n the band and I think it's easy to say like hey that guys like that guys away better guitar player than that guy but the worst guitar player might actually be the songwriter he might be the one who has the vision and that great guitar player is sort of his his tool to get his vision across I've recorded quite a few bands like that, so you know, don't don't sweep any band then brother under the rug, you know, you might have this, like, hidden musical director in the worst position in the group uh then is the business director and that's your point person for, you know, all things scheduling and billing and, you know, booking a mastering engineer and you know, where we gonna order drum heads from and so forth and so on, you know? So those air, the business director is the primary person to keep in the loop with regard to any any business related stuff. So, um, the next the next personality type should be the easiest one to work with and that's the team player and or the hired gun and that's a person who is playing in an ensemble, they're good at their instrument, they understand their role within their ensemble and they don't they're not a glory hound. They're not trying to step outside of their role, they no, like, you know what? I have just played bass. I know that what I do is hold down the bottom and I'm not trying to do any like lead based or anything like that or, you know, the drummer nose like, hey, I can play this just whatever you want, tell me so I do a d b here do I do double bass or whatever? Just tell me what to do and I know that it's your vision and I'm going to do what it takes to support the what the musical director tells me to do. Um the third one is the, uh that the non musician handed handed a base or mike second guitarist you find uh a lot of a lot of bands I have end up having like their buddy in the band who is like, you know, he's probably like the fun, fun guy that they enjoy hanging out with who keeps the mood light and he's probably crucial for that he might even be the zany guy um but maybe he or she or not the greatest musician in the band but don't again don't discount their role and maybe even though they might not be the greatest musician of the band, their their role as zany I or whatever to keep keep keeping the mood light or maybe that person is is the business director also or maybe that person is a musical director, so try to try to be patient with recording those people and um personally I don't have lack of heart to take their instrument away and assigned their parts to somebody else there's a lot of engineers will say like, dude, you're not playing on the record I'm not that guy if that decision is made I want it to be made with him the band and not not for me because I feel as though ah lot of times well with anything in music the greater your involvement in the greater ownership you take over that music so and if you remove someone's involvement from playing on their own bands record than they're goingto lose their motivation to stay with the band and I find that a lot of a lot of cases like you've experienced this so in a lot of cases you you know if a person sort of gets gets bumped off of a record they're likely to leave big offended you know it hurts the pride and they're likely to leave the band you know they feel a little bit betrayed by their band mates but you know in some cases that person might be a great team player and might know like hey what's best for the record is for for me not to play on it and that sort of brings me to the role of the second guitarist you know there's there's some bands where that air to guitar bands that have each guitarist has their own distinct personality and you know our each crucial to the man in the case of nice hosts who's you know the video that you saw earlier and the song that we're going to going to be taking audio examples from the two guitar players in that band randall and aaron are very different from each other but both equally important randall's a little more wild he's got a little more character in his plane but aaron it's like super tight and rock solid and you know they're their parts are hard pan and they're not they're not always playing the same thing as each other so in that case there's like or like the fugazi thing or something like that like there's two guitar players doing really distinct things and their interaction is what makes the band but also like in the case of of other bands and a lot of like a lot of like metal type bands will have a second guitarist really just there to beef up the live sound and the parts that one guitar player and the other guitar player doing or not really very different from each other and in that case depending on whether or not you know you want sort of like a like a loose big open sounding record or whether you want like a really tight record you might want tohave one guitar player do you all of the rhythm guitars and if that's the case you don't have to approach the second guitarist for the band saying like, hey, that guy should be on the record but you might want to say like, hey, you know we won't we really wanna have like super tight rhythm guitars and we don't really want to hear the nuances varying between the left and right speaker we want tohave it kind of locked in so maybe like you know this guy should do all the rhythm guitar playing or maybe it's even like this person should do all the rhythm guitar playing for these songs and then the other person should do all the rhythm guitar playing for those songs but different different ways to handle the less proficient musician role within a van theun the next uh bullet is basically about singers it could be about anybody but you know singers um singers need to be um kind of I need to be sometimes need to be coddled a little bit more than the other band members and you know I think it's uh you know, people people talk about lead singer disease and I've been curious toe actually do a scientific study someday if like certain personality types are attracted to certain instruments or if certain in instruments further certain personality traits within within a person but lead singers do they have a lot of they have a lot of focus on them you know, like the casual listener of music really focuses on the singer more than any other member of a band and so they have a lot of focus on them which is a lot of pressure and you know uh and and you need to understand that as your recording them you need to sort of you know as your recording the singer they need a little bit more focus and a little bit more attention on the other players like you khun you compress record on the guitar track and then like check your phone a little bit while the guitar players rolling through a song a singer you have to be one hundred percent focused on all the time and that might mean clearing everybody else out of the room and so that they can really focus on their craft and to make sure that they understand that you were with them on two percent of the way because they're not uh they also the voice is such a personal thing you know like when you're in your it's easy to teo say like yeah I'm a terrible guitar player or you've been hits your hands you know it's it's your body but it's it's really it's like it's your hands and it's more of an interpretive type of instrument whereas the voices very personal cause it's all it's not just it's your body but it's also your your thoughts it's your intellectual content soto have that fall under criticism is a bit is a bit harder for a singer to handle than another instrumentalist with within the group so you know bear that in mind as you're interacting with singer that they need that a little bit of extra attention and that maybe berating them it's not the best thing to do um and then oh finally talked a little bit about for the zany I escape goat sometimes there's just, you know, one one member whose whose contribution to the group is levity, comic relief, whipping, whipping boy or whatever it may be and even if they're not a great player don't discount their importance to the group and use it and make fun of them and fart on them and stuff like that. All right, one really quick question from justin gone yea about different arc types I guess you call what about the blooming audio engineer who has your missing or less experienced ideas about what you should oh yeah actually that's that's a great one because I was that guy and I I hate myself for it, but I think you always you tend teo just as as a person, you tend to be irritated with people who, um, who have some of the same personality traits that you have. So yes, sometimes sometimes that can be irritating. I've had I've certainly recorded quite a few people who have an interest in recording, and I think early on I was maura annoyed with them by how by then I have been recently because I felt early on I felt like, oh this person's questioning what I'm doing and they don't have confidence in me and or their their their side tracking me. But as I became a little more confident in what I do and a little bit more experience I've come to like working with other robbie engineers, it helps helps keep me honest. I think that the and it's also great working with someone who's articulate about their ideas, the one thing that can be a little bit challenging is, you know, as your first getting into something, you know, you have just enough knowledge to be dangerous, but you don't necessarily have the experience to know how to apply all that knowledge, you know? So some sometimes I'll record people be like, why? Why are you using a sn fifty seven there? Why aren't you using of s and fifty eight or whatever and that's, you know, that's a perfectly valid question, but when there's too much of that it can, it can derail the session a little bit. And so, you know, one of one of my ongoing themes in this class is really going to be that there's, you know, there's no right or wrong answers to anything and that, you know, these things are all just tools and, you know, I could get a great tom san with a with a four, twenty one or twenty two or fifty seven or whatever, they're all they're all valid valid tools and but yeah but you know again it's like nice to work with people that have some experience in that if the tone that they're hearing coming out of speakers isn't really working for them and they can say like hey let's try a small by frame condenser on that sort of a large shy of frame you know that can sometimes be a good idea and also speak speaking of that I think I hadn't really planned to talk about this all that much but sometimes I find that a client will say we'll come up with an idea whether it's an engineering choice or a stylistic choice like hey let's try this lo fi drum intro or let's try a small diaphragm mike on the esther let's try such and such a lead overdub and you you know your your brain my instantly go stupid idea don't say stupid idea right away say take take some time to think about it and try to try to see their viewpoint but also even if you know one hundred percent for sure that it's a stupid idea sometimes it takes less time to just try it and illustrate to them and the rest of the group that maybe it's just not a good idea what it takes less time to try that than it does to justify it without an audio example and sometimes it helps build your client's confidence in you that you're willing to to listen to their input and then try out their ideas see how it all works and and show them that's not a great idea and you know, sometimes you're surprised maybe it actually is a great idea and you just you thought it was stupid but then it rules so I would urge you to always you know, time permitting listen to what they had to say and try it out or you know if you really don't think there's there's time build consensus you know take your idea and say hey what do you know what? I'm not sure what do you guys think and let you know put it put it to the rest of the group rather than having to be the bad guy all the time you need to rest for years you need to have fresh air and stuff like that you need to have a pleasant work environment and if you are irritated then you're not doing good work and also think about this as you're setting up your studio or your space whatever space we're going to be recording in you don't want to be making engineering decisions based on convenience you know I made like you know I made myself a nice patch bay when I set up my studio in my current mixing console is sort of like a a wraparound deal so all mikey outboard year sort of within arm's reach so you know in my previous set up I might say you know would be nice to use such and such a compressor on this but then I've gotta like do all this weird patching and get crawl around behind the rack and do that and roll over here to do that I'm like that's gonna take a long time so I'll just use this other things right in front of me so just, you know, recognize that all of us are inherently lazy so the mohr uh, work you can do up front to set yourself up to not make your laziness affect your creative decisions, the better work you'll do um second thing about keeping yourself happy is you know, I'm not I know that not everyone is afforded the, um the situation where they can pick and choose their clients the way the way that I can, you know? But I really tried to work on there's got to be something some sort of redeeming quality teach project that I take on whether I really like the people are really like their music or like, you know, even something like, oh, I got this it's a style that I've never done before they got this like, awesome guitar amp that I want to try recording out of her, you know, find find something great about each project you take on that you can focus on and you know, maybe maybe maybe it's a terrible band maybe it's terrible people and think about that as, uh you know, an opportunity to practise you know, new techniques are or howto how to coax something out of people you don't particularly care for or try to open your mind to a new musical john are you know or what have you um you know, for me as I mentioned earlier like I try toe pick projects that air people that I enjoy interacting with music that I enjoyed listening to because I'm gonna have to listen to this stuff for ten hours a day so I want to make sure it's it's something that I enjoy because I know that if I don't enjoy it I'm not going I'm not gonna work hard on it I'm gonna be it's gonna be more like a job and I'm gonna be watching the clock like I can't wait to get this over with and that is, um you know, like even even groups that I don't care for, people that I maybe don't care for I still want them to have a great positive recording experience and so I try if I know that I can't provide that to them all all bowed out of the project and, you know, suggest that maybe they record with someone better better suited to their style and um so yeah that's all about keeping yourself happy and just one last thing about keeping yourself happy is gonna let let the clients and this is the sauce goes back to transparency is and malleability is let the clients know when you are happy um you don't you don't have to like let it affect him too much but like you know don't be afraid to say like guys look we stopped being creative three hours ago and now we're just like beating our heads against the wall and like I'm not I'm not feeling good about myself right now I'm not feeling creative so let's just break for the day and come back tomorrow fresh point of this lie really is about don't don't be afraid to admit that you you've made a mistake or that you're in over your head remember that your clients you know, they they slaved away writing these songs and rehearsing these songs for a long time it's it's really important to them that that the final product of of of this record is meets or exceeds their their their expectations and if if you feel is though you're not up to task make sure they understand that you know make sure they know that you're not deflecting responsibility for anything on you know like if you guys rent the studio to record in or or whatever or you have a crappy sounding room in your basement there you're working out of or your mix isn't up to snuff and the band is unhappy after mastering don't deflect that like if if the band doesn't like the master maybe they don't like the mix you know and be volunteer that you know hey, maybe maybe I could do better and I mean I was definitely times where like on more than one occasion where a band a cz recorded with me we've mixed the record and you know they think it's good and then they master the record and then realized like, hey, maybe you know, this isn't so great that I'll I'm always like kind of in the loop on bands discussions with with mastering engineers and you know, sometimes uh you know they will be comptel they're kind of upset with the master yu's near because they're not pleased with the results of their master and you know, if if that's the case chime in and say hey, you know what? Maybe it's not the master engineers fault and don't claim don't blame that person maybe maybe it's my fault maybe I need to remix this thing and, you know, depending on how how emotionally invested you are in the record and you know, maybe you offered a remix it for free I've certainly done that before if I'm if I'm really emotionally invested in a record and I feel like I just screwed the pooch then um then huh you know what? I want to make sure that it's, right, that, you know, sometimes I do some pro pro bono work. Um, but, you know, and but in the end of the day, like, all you can really do is the best you can with the tools that you have in front of you. And so, as long as you try one hundred ten percent, and then you'll be good. And I think that, um, you know, your clients will will appreciate that any when they, when they see you, sort of taking up the reins. And, um, you know, treating their baby with the respect that it deserves. And by the end of a project, I always iowa's tend to feel like I'm a fifth or sixth member of their group. I think that that's, that's what they want to feel. They want to feel like a true partner in their project.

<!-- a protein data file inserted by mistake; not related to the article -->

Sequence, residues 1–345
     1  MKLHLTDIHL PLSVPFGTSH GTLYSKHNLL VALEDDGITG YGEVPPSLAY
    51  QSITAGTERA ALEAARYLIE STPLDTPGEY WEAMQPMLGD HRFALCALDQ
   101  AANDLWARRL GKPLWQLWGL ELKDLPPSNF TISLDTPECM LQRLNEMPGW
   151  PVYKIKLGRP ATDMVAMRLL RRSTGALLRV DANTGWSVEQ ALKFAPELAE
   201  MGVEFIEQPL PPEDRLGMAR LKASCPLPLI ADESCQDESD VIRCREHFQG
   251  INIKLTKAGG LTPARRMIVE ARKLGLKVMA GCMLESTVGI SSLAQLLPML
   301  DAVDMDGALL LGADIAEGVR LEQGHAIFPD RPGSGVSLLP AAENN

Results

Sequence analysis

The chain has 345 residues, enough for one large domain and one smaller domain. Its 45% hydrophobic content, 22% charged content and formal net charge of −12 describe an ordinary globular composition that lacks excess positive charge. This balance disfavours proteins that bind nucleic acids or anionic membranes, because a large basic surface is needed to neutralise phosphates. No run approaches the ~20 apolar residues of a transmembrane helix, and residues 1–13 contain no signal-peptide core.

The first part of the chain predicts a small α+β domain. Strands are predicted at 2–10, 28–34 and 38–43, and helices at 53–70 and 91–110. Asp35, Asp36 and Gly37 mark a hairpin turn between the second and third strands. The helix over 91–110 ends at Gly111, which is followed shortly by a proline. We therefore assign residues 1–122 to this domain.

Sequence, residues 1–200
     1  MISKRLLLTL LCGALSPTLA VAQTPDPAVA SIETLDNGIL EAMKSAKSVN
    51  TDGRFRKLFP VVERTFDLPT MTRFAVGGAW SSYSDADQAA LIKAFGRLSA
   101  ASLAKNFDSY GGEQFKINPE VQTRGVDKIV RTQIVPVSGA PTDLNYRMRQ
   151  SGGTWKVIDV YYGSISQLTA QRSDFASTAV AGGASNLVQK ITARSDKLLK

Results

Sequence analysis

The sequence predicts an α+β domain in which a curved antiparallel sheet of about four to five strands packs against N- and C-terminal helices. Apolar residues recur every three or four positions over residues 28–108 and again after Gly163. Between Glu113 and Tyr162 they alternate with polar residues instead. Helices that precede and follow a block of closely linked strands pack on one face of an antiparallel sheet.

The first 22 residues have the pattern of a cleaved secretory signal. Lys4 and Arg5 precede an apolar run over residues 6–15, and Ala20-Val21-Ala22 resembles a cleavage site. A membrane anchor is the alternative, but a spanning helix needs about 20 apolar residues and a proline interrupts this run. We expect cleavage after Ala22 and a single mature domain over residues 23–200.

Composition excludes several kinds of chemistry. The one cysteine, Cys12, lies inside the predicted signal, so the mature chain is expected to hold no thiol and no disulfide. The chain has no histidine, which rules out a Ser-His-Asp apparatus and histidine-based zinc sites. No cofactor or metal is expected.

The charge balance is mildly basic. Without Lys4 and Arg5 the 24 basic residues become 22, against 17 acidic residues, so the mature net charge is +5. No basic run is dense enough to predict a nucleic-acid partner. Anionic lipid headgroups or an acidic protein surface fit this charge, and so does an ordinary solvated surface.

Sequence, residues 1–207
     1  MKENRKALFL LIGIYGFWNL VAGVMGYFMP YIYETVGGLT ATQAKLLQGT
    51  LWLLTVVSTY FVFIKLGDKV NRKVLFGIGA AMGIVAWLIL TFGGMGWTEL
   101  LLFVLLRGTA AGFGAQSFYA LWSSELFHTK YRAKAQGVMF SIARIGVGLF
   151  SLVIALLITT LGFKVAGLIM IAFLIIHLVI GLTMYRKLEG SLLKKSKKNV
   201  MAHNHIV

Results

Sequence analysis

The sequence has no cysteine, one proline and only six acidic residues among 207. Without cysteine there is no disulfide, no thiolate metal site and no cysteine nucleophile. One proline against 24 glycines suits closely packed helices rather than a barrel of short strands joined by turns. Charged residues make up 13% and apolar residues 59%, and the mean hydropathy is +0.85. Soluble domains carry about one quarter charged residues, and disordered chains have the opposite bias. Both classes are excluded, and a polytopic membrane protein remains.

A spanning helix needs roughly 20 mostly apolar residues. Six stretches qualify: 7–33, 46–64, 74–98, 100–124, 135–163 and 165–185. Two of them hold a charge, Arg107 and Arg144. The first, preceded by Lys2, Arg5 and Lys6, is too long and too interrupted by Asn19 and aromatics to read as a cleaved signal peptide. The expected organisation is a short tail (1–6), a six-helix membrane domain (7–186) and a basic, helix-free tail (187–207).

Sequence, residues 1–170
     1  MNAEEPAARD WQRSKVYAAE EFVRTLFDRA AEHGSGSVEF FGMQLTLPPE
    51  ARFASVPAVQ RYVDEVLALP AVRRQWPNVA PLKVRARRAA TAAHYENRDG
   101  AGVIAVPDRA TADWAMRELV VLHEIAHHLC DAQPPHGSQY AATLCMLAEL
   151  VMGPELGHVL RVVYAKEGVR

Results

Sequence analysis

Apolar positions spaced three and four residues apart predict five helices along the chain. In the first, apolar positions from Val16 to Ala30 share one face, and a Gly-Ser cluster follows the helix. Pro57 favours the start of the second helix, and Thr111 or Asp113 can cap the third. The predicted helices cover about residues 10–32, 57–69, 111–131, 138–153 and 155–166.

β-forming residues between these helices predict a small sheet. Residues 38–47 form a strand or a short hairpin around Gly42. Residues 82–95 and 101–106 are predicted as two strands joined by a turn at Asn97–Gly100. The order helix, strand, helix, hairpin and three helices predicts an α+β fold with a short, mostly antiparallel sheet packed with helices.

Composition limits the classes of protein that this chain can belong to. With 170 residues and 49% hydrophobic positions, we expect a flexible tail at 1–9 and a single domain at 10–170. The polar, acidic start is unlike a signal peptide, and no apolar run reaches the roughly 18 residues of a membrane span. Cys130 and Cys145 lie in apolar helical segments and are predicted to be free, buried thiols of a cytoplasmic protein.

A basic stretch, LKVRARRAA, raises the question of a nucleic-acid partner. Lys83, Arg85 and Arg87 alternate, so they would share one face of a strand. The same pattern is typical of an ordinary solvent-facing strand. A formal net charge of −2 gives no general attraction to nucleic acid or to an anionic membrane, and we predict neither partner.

Class Description

In this two-day course, prolific producer Kurt Ballou will take you behind-the-scenes of GodCity Studios to show you exactly how the magic happens. This all-access studio pass will immerse you in every aspect of Kurt’s distinctive sound — from choosing and setting up gear, to tracking and mixing.

Kurt will show you the basic and advanced techniques he uses in his studio every day, and teach you how to apply them to your own recording — regardless of whether you’re working in a studio or at home with a DIY setup. Using anecdotes from his years behind the board, Kurt will also teach you his best practices for working with bands to extract the best and most inventive sounds.